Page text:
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Abstract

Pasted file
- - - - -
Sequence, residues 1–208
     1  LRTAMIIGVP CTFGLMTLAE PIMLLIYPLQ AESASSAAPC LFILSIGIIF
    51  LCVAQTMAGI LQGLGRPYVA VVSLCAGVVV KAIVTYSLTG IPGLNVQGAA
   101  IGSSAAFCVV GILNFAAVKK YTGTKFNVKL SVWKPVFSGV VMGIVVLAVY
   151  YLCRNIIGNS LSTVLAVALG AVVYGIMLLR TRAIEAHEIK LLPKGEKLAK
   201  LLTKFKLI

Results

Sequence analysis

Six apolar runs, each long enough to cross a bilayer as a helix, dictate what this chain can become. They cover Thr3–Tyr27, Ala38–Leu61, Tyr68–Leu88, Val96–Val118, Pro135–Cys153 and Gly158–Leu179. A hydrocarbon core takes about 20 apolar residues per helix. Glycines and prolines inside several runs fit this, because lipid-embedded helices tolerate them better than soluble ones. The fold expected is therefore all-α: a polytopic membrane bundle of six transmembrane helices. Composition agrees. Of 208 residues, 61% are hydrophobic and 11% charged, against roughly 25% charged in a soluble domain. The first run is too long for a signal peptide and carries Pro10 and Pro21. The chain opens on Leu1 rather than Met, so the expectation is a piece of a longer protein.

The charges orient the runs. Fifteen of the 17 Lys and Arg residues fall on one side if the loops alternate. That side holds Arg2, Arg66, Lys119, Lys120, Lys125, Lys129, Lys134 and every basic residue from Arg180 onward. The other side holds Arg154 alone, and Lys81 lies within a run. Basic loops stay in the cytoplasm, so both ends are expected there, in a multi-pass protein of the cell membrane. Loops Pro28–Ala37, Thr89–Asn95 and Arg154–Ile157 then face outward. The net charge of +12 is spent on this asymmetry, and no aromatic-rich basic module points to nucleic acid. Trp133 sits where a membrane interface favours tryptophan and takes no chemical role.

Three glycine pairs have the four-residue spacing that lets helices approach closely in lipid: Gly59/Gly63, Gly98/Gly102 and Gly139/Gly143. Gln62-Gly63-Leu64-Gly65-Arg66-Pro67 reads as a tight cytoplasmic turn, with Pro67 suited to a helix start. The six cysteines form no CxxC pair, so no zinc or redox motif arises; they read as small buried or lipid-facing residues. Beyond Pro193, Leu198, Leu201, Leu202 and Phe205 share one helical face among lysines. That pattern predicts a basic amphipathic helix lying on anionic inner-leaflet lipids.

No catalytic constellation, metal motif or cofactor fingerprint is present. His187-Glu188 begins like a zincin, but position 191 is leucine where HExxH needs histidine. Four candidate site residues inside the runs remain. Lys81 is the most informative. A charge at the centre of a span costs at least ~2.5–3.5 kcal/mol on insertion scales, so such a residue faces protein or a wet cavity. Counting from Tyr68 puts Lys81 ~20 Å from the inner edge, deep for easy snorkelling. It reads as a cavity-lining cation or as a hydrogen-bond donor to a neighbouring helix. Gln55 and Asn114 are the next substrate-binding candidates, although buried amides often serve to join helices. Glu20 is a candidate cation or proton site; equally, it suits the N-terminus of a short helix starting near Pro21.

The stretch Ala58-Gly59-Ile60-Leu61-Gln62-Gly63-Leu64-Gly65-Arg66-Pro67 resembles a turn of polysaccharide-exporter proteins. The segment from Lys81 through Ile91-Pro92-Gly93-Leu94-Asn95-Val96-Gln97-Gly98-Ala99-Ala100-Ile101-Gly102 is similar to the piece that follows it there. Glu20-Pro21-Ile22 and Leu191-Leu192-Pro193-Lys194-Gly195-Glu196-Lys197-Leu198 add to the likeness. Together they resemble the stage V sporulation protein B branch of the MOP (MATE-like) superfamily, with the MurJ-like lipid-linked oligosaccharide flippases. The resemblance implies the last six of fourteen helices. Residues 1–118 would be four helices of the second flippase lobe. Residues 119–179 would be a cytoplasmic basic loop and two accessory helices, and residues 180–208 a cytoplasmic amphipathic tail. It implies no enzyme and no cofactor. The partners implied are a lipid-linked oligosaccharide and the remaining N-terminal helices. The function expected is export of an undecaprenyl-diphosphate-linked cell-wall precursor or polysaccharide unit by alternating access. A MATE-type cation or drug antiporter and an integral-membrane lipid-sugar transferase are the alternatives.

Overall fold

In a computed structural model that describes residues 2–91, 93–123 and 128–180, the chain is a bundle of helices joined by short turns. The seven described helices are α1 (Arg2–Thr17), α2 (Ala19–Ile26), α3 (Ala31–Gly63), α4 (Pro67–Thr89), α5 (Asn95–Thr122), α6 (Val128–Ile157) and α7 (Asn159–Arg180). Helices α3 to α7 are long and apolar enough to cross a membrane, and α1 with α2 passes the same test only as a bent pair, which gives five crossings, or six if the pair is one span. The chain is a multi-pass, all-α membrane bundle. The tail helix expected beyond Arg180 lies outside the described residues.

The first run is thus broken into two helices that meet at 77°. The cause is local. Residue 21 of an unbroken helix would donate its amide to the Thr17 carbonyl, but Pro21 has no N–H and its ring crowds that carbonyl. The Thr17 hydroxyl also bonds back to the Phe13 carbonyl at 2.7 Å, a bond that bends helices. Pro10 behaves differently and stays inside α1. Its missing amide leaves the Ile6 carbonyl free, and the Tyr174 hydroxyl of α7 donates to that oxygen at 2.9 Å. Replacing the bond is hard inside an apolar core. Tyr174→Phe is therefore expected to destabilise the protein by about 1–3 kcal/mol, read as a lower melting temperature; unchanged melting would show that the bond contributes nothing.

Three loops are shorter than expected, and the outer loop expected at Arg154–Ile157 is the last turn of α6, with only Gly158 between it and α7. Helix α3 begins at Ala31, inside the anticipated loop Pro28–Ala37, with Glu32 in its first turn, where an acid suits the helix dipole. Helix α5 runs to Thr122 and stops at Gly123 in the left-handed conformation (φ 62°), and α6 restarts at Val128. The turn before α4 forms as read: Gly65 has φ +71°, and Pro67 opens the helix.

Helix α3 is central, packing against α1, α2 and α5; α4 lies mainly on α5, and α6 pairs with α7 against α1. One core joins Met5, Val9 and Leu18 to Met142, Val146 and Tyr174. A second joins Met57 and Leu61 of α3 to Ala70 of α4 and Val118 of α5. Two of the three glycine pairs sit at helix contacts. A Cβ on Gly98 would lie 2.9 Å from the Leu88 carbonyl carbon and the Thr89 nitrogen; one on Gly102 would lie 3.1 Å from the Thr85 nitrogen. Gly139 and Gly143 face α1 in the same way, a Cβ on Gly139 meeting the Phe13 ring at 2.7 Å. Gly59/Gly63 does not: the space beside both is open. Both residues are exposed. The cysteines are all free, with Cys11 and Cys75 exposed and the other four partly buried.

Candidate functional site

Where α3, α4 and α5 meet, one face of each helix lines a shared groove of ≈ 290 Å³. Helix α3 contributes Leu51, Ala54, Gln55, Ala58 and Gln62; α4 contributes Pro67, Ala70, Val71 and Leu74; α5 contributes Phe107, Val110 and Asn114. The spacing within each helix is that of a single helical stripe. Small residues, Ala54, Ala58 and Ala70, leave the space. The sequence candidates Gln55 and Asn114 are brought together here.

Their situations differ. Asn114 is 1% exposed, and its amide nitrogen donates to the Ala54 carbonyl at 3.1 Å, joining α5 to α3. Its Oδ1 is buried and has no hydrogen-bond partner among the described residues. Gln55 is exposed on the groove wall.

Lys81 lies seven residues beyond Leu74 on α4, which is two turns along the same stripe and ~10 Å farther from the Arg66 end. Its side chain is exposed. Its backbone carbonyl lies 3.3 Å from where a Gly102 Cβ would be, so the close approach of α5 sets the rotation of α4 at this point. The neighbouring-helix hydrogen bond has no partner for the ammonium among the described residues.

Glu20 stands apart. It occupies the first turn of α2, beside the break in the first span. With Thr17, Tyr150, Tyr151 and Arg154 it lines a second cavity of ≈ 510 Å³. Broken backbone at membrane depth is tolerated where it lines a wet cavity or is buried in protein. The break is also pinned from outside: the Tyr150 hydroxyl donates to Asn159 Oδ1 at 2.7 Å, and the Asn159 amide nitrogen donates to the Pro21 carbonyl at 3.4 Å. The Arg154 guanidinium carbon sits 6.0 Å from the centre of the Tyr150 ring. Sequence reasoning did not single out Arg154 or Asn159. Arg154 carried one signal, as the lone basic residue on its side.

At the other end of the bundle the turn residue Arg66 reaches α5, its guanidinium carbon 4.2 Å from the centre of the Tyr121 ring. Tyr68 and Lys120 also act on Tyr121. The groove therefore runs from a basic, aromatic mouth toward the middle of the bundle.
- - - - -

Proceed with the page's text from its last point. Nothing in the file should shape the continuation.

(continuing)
The morphology of placentas from trisomy 16 and trisomy 19 mouse conceptuses aged 12 to 18 gestational days was studied at the light microscopic level. Comparisons were made with placentas from normal littermate animals. Trisomy 16 placentas showed marked changes from normal: 1) the junctional zone showed little indication of normal morphologic differentiation throughout gestation; 2) clusters of germinal trophoblast cells persisted in the labyrinth throughout gestation, whereas these cells disappeared by gestational day 16 in the normal littermate placentas; 3) the labyrinth was reduced in size in the trisomic placentas, and the differentiation of the interhemal membranes was delayed. The size of the labyrinths from trisomy 19 placentas appeared to be decreased, but otherwise the placentas appeared to have normal morphology. These observations and others from the literature show that placental development is affected by the presence of a trisomic genome, and that different trisomies influence the development of the placenta differently. Fortrisomy 16, we propose that the striking changes of the junctional zone may be associated with the trisomy 16-related gene dosage effect for alpha- and beta-interferon cell surface receptors. Because of the homology for this and other genes on mouse chromosome 16 with genes on human chromosome 21, findings related to the altered development of the trisomy 16 mouse may be relevant to understanding some of the phenotypic variations associated with human trisomy 21, the Down syndrome.